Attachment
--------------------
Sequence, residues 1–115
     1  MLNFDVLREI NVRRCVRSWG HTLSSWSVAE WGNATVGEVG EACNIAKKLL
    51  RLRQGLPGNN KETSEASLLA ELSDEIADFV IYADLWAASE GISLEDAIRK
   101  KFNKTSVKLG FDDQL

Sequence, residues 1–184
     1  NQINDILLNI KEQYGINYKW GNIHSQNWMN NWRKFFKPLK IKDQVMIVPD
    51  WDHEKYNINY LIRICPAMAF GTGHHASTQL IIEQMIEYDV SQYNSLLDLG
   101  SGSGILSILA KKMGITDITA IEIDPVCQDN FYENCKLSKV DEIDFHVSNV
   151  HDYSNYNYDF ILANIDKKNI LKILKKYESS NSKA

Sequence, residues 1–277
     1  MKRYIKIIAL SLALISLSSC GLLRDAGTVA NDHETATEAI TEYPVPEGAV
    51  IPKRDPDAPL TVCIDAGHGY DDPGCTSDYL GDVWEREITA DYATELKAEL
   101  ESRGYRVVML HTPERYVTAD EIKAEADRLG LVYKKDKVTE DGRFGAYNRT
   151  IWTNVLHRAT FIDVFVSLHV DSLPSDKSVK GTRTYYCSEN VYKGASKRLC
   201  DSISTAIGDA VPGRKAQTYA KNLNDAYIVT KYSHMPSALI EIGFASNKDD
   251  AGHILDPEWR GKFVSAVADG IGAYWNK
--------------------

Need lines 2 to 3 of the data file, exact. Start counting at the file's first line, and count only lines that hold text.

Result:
     1  MLNFDVLREI NVRRCVRSWG HTLSSWSVAE WGNATVGEVG EACNIAKKLL
    51  RLRQGLPGNN KETSEASLLA ELSDEIADFV IYADLWAASE GISLEDAIRK